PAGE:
Nice loop question (Extreme 100)

Post the puzzle or solving technique that's causing you trouble and someone will help

Postby DonM » Mon Feb 16, 2009 2:47 am

daj95376 wrote:
Code: Select all
 +--------------------------------------------------------------------------------+
 |  6       147     1237    |  13      479     5       |  379     8       279     |
 |  23457   147     123578  |  13      4789    789     |  35679   579     2679    |
 |  357     9       3578    |  2       6       78      |  357     4       1       |
 |--------------------------+--------------------------+--------------------------|
 |  8       16      1269    |  7       5       29      |  19      3       4       |
 |  79      5       4       |  8       1       3       |  2       6       79      |
 |  279     3       127     |  4       29      6       |  8       179     5       |
 |--------------------------+--------------------------+--------------------------|
 |  1       8       5679    |  56      3       4       |  5679    2       679     |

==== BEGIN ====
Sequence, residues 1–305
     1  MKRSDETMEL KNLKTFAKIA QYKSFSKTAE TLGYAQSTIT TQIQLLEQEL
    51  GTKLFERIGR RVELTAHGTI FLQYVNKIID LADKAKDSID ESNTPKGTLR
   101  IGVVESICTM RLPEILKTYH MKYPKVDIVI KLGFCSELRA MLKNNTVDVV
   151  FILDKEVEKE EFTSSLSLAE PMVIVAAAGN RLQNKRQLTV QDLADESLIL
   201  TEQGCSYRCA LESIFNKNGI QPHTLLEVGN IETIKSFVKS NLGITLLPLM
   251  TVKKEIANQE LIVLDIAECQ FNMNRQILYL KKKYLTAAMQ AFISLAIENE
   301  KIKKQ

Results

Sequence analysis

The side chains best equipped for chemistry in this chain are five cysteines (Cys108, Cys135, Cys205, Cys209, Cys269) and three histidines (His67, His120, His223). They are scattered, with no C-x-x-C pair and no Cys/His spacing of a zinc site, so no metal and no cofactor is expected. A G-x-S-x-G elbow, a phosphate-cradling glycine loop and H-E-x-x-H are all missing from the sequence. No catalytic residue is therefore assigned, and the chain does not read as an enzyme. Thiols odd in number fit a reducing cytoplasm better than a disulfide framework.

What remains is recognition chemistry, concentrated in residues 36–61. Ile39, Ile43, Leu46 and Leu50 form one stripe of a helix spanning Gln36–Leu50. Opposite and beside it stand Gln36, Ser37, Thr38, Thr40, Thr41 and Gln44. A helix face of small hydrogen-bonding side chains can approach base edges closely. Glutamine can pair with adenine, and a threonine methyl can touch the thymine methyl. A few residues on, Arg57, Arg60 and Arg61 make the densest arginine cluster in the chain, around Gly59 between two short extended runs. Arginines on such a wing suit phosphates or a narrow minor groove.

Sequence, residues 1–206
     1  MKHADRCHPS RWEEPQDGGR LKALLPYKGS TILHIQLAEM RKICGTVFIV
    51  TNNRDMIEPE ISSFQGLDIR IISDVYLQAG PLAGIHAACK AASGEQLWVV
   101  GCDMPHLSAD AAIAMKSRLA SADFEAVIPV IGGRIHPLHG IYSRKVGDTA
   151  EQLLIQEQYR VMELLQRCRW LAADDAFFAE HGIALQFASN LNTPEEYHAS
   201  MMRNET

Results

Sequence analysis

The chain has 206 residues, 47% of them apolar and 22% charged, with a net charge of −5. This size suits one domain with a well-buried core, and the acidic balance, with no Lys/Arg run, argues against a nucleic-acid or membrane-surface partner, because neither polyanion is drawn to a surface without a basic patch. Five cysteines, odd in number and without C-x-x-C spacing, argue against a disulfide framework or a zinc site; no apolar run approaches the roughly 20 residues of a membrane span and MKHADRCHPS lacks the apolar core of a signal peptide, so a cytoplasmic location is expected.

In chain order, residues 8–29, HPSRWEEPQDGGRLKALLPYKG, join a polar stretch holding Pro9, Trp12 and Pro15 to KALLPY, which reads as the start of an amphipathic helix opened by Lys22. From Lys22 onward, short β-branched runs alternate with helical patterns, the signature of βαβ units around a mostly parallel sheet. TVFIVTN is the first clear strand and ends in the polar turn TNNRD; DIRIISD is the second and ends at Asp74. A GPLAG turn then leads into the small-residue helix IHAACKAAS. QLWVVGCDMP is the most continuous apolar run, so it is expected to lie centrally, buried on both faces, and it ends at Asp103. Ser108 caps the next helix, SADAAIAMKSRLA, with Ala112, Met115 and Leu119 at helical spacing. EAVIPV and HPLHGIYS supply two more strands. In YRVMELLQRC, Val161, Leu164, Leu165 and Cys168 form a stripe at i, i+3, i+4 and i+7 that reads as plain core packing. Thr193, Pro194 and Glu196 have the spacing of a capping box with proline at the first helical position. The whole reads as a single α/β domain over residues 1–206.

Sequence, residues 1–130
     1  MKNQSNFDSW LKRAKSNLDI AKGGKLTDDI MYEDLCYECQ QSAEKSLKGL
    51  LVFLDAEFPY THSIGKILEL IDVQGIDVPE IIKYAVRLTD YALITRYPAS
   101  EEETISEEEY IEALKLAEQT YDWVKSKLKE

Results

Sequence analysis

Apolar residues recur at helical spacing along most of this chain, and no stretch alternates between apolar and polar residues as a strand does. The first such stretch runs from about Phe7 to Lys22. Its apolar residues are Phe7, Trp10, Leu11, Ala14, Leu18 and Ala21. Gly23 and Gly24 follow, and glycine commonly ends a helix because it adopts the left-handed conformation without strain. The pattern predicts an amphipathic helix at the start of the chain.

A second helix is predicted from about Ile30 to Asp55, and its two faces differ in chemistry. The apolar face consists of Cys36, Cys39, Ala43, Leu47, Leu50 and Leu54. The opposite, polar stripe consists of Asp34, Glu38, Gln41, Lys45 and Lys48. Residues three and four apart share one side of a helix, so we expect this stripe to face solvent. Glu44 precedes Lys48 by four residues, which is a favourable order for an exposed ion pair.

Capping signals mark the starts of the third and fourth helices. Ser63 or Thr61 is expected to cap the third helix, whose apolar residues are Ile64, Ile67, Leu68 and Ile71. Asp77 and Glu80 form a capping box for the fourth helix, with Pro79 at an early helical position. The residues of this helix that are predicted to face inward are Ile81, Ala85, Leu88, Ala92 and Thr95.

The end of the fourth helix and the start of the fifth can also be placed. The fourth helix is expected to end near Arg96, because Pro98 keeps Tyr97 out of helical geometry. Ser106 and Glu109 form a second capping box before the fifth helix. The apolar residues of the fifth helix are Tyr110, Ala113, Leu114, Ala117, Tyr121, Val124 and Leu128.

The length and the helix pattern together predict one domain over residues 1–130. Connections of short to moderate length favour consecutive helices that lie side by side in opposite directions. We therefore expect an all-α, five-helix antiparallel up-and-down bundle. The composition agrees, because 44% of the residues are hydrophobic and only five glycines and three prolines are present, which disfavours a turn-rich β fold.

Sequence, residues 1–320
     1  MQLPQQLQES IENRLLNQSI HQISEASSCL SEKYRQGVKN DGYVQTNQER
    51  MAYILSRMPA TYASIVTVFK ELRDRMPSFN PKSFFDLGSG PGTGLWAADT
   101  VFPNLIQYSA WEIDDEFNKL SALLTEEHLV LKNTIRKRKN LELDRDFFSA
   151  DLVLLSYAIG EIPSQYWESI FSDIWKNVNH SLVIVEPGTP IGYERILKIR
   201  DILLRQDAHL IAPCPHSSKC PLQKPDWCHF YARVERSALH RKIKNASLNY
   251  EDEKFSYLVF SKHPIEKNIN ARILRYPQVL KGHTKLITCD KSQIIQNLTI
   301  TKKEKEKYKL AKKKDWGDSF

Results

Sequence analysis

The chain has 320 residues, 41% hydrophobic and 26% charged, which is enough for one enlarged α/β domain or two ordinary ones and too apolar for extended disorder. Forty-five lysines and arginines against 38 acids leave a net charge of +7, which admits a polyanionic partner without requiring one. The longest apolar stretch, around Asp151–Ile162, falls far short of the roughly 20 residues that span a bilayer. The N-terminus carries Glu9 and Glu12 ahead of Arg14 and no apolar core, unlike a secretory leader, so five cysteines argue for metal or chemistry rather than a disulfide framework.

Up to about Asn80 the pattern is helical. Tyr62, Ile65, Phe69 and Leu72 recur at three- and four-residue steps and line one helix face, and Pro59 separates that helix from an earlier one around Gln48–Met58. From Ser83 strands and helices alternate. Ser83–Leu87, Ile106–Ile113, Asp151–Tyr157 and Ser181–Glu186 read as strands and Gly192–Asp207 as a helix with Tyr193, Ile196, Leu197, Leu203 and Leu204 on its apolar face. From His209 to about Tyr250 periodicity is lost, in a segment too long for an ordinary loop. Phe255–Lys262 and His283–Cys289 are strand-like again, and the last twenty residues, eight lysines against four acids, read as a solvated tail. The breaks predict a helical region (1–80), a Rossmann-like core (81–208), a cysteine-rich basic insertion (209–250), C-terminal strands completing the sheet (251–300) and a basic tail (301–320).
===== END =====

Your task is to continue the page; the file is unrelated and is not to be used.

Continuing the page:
|  34579   467     35679   |  56      27      127     |  145679  1579    8       |
 |  457     2       567     |  9       78      178     |  14567   157     3       |
 +--------------------------------------------------------------------------------+
 # 105 eliminations remain

Please forgive me for interrupting, but does the following work? (I don't know how to write it as a chain.)

Code: Select all
 [r4c2]=1 [r4c7]<>1 r89c7=14 [r9c7]<>6 [r9c3]=6 [r4c3]<>6 [r4c2]=6 => [r4c2]<>1




This should work (if I haven't made any typos:) ):

NL: r4c2 -1- r4c7 =1= hp(14)r89c7 -6- r9c7 =6= r9c3 -6- r4c3 =6= r4c2

AIC: (1)r4c7 = hp(14)r89c7 - (6)r9c7 = (6)r9c3 - (6)r4c3 = (6)r4c2

=> r4c2<>1

Incidentally, this is a reason why I prefer the AIC notation. Except for the fact that traditionally you start and end and AIC with a strong link and so the chain doesn't start with (1)r4c2 - (1)r4c7 etc., the AIC (IMO at least) more closely mirrors daj95376's printed logic.
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Postby ronk » Mon Feb 16, 2009 4:01 am

DonM wrote:This should work (if I haven't made any typos:) ):

NL: r4c2 -1- r4c7 =1= hp(14)r89c7 -6- r9c7 =6= r9c3 -6- r4c3 =6= r4c2